FT 'Smoking Guns: Illustrating the Sixties' Review

Financial Times 'Smoking Guns' exhibition review

'Smoking Guns' exhibition in the Financial Times reviewed by Edwin Heathcote


Moment when Pop, Pulp and high art collided

Smoking Guns: Illustrating the Sixties, Lever Gallery, London

Edwin Heathcote

From epics such as Ben-Hur and Cleopatra to smaller movies such as La dolce vita and A Fistful of Dollars, Rome’s massive Cinecittà studio was the powerhouse of Italian postwar film production. But one of the more curious effects of its success was the impact its poster artists had on the rather staid world of British illustration — the subject of Smoking Guns: Illustrating the Sixties, an exhibition at London’s Lever Gallery.

The sprawling Cinecittà, found by Mussolini in 1937, produced artistic talents who perfected the eye-catching, sexy and sometimes garish posters of the Italian New Wave. But in the 1960s, as Hollywood-funded epics began to dry up, these artists were eagerly picked up by British publishers and magazine editors, who were keen to spice up their products for a generation that was emerging from postwar rationing into the light of a newly swinging London.

Penguin art director Germano Facetti, who arrived in London in the early 1950s, brought over a bunch of Italian illustrators from 1962 onwards, as did John Constable at Fontana Books. Most spoke very little English initially, yet within weeks of their arrival they were hard at work illustrating women’s weeklies, paperbacks and film posters. Many also instantly became habitués of the London scene with its buzzing new coffee bars, Italian restaurants and basement jazz dives. Renato Fratini, '60 Days to Live'

Their world of urgently commissioned and quickly drawn work was cool but ephemeral. Much of the material was seen as little more than marketing and thrown away once it had served its purpose, just as the books themselves were mostly pulp. But what survives is an astonishing window on a shortlived moment when illustration set the scene and defined a grown-up, seductive world of impossibly elegant women and manly men against sketchy, sexy cosmopolitan backdrops.

It was a period when the simple typography and paper-rationed rigidity of wartime publishing collided with the seediness of US pulp paperbacks and the arrival of cheap colour printing processes. Comic books came together with trashy noir while James Bond rose to fame and made Britain suddenly sexy. It was the meeting of femmes fatales and men with no name. Romances, Westerns, spy and private eye thrillers whirled together in a kaleidoscope of colour that helped define the look of the mid-1960s when Britain emerged out of its monochrome postwar smog. Gianluigi Coppola, ‘Kissing couple, Walking’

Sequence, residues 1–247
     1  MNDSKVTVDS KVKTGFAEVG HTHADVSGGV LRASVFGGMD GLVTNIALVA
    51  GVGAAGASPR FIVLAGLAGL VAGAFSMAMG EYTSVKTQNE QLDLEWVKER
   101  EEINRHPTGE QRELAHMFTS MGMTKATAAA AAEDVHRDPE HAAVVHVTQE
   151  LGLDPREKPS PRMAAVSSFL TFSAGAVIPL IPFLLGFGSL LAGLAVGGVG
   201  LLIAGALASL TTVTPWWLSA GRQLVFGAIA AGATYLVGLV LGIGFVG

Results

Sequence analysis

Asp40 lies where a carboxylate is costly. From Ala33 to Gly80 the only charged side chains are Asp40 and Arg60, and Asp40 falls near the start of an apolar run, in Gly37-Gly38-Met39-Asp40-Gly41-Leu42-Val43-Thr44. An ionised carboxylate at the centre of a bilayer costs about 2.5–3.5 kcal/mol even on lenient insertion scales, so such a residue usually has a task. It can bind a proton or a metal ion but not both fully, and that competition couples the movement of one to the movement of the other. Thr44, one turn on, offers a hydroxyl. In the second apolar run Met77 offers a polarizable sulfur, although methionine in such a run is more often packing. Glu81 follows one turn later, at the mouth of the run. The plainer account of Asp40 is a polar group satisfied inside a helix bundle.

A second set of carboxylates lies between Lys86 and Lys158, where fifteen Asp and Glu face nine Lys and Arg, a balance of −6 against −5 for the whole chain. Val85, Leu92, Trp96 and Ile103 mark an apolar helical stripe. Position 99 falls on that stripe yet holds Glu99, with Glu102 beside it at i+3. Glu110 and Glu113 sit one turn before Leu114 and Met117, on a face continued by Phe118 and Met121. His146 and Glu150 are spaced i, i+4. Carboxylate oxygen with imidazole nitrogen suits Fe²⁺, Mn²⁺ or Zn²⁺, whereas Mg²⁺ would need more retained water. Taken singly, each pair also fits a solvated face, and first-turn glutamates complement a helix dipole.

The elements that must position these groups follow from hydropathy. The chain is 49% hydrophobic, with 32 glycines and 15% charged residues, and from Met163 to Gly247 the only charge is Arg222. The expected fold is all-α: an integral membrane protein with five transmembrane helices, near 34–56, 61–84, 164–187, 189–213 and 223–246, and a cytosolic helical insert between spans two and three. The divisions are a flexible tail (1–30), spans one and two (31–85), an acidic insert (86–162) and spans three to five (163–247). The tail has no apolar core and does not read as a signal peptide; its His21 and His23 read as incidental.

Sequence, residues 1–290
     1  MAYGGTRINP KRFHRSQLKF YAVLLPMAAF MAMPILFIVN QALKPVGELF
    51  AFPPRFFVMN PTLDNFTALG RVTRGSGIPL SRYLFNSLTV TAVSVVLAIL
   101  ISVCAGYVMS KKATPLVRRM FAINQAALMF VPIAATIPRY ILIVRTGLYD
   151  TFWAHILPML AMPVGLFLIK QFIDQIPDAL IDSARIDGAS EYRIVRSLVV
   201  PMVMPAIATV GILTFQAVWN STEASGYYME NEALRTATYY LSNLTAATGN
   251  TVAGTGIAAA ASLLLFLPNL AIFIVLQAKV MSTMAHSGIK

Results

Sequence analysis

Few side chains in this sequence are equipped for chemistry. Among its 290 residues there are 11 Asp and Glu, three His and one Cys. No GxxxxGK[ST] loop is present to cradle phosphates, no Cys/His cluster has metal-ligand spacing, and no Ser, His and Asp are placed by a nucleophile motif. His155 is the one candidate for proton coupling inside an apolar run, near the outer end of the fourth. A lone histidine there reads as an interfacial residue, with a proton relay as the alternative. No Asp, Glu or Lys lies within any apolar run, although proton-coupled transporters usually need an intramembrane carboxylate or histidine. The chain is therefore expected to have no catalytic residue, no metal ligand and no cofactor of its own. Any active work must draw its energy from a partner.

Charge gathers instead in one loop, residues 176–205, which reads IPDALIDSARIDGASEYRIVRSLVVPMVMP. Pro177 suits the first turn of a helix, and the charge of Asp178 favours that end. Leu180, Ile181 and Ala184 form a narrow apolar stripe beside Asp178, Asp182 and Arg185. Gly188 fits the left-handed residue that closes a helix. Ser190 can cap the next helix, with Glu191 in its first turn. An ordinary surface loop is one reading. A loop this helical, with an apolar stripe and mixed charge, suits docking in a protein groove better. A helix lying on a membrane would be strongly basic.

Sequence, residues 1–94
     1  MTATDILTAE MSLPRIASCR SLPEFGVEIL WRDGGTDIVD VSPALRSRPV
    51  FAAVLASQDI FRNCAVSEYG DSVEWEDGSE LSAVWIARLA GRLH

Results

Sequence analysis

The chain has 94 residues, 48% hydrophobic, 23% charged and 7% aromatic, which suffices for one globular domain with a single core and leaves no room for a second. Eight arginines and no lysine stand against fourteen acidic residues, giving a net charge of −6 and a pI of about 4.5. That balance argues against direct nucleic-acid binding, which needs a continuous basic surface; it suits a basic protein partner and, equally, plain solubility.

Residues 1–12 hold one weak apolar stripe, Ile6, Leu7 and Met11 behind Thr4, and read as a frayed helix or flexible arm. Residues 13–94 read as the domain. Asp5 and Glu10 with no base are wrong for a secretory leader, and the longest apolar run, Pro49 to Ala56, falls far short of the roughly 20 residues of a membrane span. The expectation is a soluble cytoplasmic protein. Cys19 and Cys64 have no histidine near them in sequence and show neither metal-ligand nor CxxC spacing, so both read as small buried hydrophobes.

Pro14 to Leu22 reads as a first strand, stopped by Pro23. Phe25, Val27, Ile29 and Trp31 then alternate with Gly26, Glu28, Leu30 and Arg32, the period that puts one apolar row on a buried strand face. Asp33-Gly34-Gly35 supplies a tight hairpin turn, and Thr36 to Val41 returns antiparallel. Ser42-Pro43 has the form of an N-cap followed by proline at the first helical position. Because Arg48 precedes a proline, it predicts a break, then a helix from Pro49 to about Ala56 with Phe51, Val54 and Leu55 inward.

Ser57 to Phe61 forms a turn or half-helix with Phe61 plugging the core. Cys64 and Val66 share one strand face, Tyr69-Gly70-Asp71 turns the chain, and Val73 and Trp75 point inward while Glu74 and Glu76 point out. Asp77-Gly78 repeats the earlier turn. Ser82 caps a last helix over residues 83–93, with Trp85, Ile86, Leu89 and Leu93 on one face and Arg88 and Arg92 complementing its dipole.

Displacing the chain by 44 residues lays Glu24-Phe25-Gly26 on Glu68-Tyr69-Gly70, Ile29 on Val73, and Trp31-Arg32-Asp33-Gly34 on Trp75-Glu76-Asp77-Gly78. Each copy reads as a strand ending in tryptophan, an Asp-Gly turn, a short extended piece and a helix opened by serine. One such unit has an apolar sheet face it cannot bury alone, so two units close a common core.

This little exhibition provides a window on to that brief moment. And what a view. On the walls are some of the rare surviving originals for covers and illustrated magazines. There are Renato Fratini’s strikingly spare pictures, sparse and elegant because of the space left bare for titles and text (it was Fratini who designed the groundbreaking early Bond film posters). There are Pino Dell’Orco’s fast and furious comic-book stylings, seemingly slapdash but, seen from just a couple of feet away, seamlessly brilliant.

But there are also the strange Pop Art collages of Gianluigi Coppola, heavily redolent of the work of Eduardo Paolozzi or Pauline Boty. The artists coalesced, it transpires, into a hipster cluster, exchanging ideas, hanging out in Italian cafés (one of the artists, Enzo Apicella, designed the first branch of British restaurant chain PizzaExpress with its Art Nouveau-inflected, and still-used, logo). Michael Johnson, ‘Woman, Bullseye, Cities’

Not all the artists here were Italian. There was Michael Johnson, whose filmic collages are halfway between Pop Art and graphic novel and one of whose illustrations here is a stunning stripy tour de force. And there was Walter Wyles, whose style flip-flopped between sleazy pencil-moustachioed cool, knitting-catalogue naff and brilliantly dynamic graphic tension.

This explosion of talent only burnt brightly for a few years. By the late 1960s publishers had turned either to photography for their covers or to more abstract graphics; magazines had become the glossy, full-bleed photo blocks we see today. It is also worth noting that the covers and the illustrations were mostly far better than the contents they marketed, the pulp Westerns, soggy romances and international-man-of-mystery novels.

The shortlived nature of this moment makes these works all the more exotic and it is precisely the speed and urgency with which they were made that gives them such verve. They might not have been treated as art half a century ago but today they look like a vital junction between Pop, high and commercial art, and are perhaps even more redolent of their age than the now overfamiliar work of their high-priced artist contemporaries.